Isaac would never know the thrust of his father's knife, but our Lord experienced far more than that — his wrists, ankles and side were pierced for our transgressions (Isa. 53:5). Isaac would never gape in wonder at his father's desertion, but the Son would cry out, "My God, my God, why have you forsaken me?" (Matt. 27:46). At the very moment when the Father should have freed Jesus from his captivity, as Abraham had freed Isaac, the Father poured out all his fiery wrath upon him. Jesus was the ram who was "caught in a thicket" (Gen. 22:13) and slaughtered on a mount so that we could go free. He was caught in the thicket of our sin, but this was no accident. He willingly walked into it and became "sin" (2 Cor. 5:21) and a "curse" (Gal. 3:13) for us so that we might be eternally his. The perfect incarnate Son is the only offering who can atone for sin — for Abraham's, Isaac's, and ours. No matter how hard we work, we cannot atone for our sin or make it up to God. Jesus alone is the Lamb who takes away the sins of the world. Now Abraham's experience becomes ours, and we, like him, meet Jehovah-Jireh, the God who provides on the "mount of the Lord" (Gen. 22:14). In Christ, Jehovah-Jireh has provided all we need: a savior, a redeemer, a friend and a husband. We are no longer alone, trying to offer sacrifices that prove our love and fidelity. We are his. We have been found.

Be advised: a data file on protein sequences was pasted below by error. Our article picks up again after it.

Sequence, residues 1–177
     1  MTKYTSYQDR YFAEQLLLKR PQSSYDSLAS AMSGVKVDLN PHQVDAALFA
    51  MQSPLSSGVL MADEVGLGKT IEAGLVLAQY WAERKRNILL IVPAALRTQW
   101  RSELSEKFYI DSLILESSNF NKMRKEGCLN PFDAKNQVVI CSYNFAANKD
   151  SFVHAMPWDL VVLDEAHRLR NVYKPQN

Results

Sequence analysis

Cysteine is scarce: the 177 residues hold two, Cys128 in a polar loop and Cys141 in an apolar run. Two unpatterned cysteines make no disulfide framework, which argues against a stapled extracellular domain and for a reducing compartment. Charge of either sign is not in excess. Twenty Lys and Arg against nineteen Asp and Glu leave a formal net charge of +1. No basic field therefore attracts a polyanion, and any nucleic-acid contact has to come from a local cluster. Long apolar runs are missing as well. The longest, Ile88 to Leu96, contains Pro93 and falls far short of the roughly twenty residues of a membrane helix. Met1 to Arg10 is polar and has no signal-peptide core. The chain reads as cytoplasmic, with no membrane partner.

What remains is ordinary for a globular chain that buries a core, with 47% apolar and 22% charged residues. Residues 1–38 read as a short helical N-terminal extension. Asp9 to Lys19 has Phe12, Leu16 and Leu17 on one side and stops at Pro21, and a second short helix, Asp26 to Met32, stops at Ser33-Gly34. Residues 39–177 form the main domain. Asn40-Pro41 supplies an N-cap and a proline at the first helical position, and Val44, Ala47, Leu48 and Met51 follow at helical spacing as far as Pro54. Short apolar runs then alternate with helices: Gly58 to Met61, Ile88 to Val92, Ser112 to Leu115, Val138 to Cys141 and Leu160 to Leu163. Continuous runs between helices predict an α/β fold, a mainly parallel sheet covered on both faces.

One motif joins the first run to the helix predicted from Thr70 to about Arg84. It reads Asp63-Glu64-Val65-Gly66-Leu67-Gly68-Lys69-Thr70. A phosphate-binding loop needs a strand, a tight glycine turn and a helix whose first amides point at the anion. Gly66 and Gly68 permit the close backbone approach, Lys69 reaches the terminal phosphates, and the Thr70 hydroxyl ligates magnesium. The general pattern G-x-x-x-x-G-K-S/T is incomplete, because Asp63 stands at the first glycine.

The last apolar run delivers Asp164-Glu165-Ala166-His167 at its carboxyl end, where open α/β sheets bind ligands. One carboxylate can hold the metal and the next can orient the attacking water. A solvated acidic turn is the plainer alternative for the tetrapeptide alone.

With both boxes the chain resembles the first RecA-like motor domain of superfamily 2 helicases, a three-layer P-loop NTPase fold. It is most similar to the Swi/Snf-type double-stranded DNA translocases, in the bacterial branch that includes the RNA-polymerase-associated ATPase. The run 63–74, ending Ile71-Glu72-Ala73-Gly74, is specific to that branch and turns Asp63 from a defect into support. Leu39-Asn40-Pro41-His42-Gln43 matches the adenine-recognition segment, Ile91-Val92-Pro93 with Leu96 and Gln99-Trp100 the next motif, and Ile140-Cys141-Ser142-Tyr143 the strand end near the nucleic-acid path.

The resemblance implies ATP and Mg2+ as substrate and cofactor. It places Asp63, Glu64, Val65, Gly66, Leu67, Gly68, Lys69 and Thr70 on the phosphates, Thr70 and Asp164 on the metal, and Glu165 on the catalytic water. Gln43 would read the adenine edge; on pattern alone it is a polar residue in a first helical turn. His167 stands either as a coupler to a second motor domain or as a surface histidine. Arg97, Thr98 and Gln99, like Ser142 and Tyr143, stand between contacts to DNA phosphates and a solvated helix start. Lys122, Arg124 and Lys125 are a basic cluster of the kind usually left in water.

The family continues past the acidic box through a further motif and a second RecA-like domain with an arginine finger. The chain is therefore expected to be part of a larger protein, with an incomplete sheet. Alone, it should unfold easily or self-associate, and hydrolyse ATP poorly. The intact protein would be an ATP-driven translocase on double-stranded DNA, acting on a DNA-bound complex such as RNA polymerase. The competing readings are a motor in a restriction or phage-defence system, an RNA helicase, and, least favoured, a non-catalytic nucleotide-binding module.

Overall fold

God prospered Abraham and his son Isaac and grandson Jacob. Jacob grew to become a great family, known by Jacob's new name, Israel. During a time of famine the family went down to Egypt under Jacob's son Joseph's care, and there the family multiplied into a great nation. Soon they were forced into slavery by a ruler who did not "know" Joseph (Ex. 1:8), but God delivered his people out of Egypt through great plagues and wonders by the hand of a deliverer, Moses. Even Moses knew that he wasn't the point of the story, though God used him greatly. He knew that there would be a greater true Deliverer who would come after him and of whom he foretold: